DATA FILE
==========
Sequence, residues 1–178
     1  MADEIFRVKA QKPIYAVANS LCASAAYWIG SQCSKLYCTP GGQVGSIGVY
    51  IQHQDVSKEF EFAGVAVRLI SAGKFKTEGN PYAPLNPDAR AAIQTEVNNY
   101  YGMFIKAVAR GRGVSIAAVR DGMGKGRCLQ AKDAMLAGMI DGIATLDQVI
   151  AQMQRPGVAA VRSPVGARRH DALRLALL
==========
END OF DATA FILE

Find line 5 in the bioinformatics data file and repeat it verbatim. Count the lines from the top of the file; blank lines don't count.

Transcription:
   151  AQMQRPGVAA VRSPVGARRH DALRLALL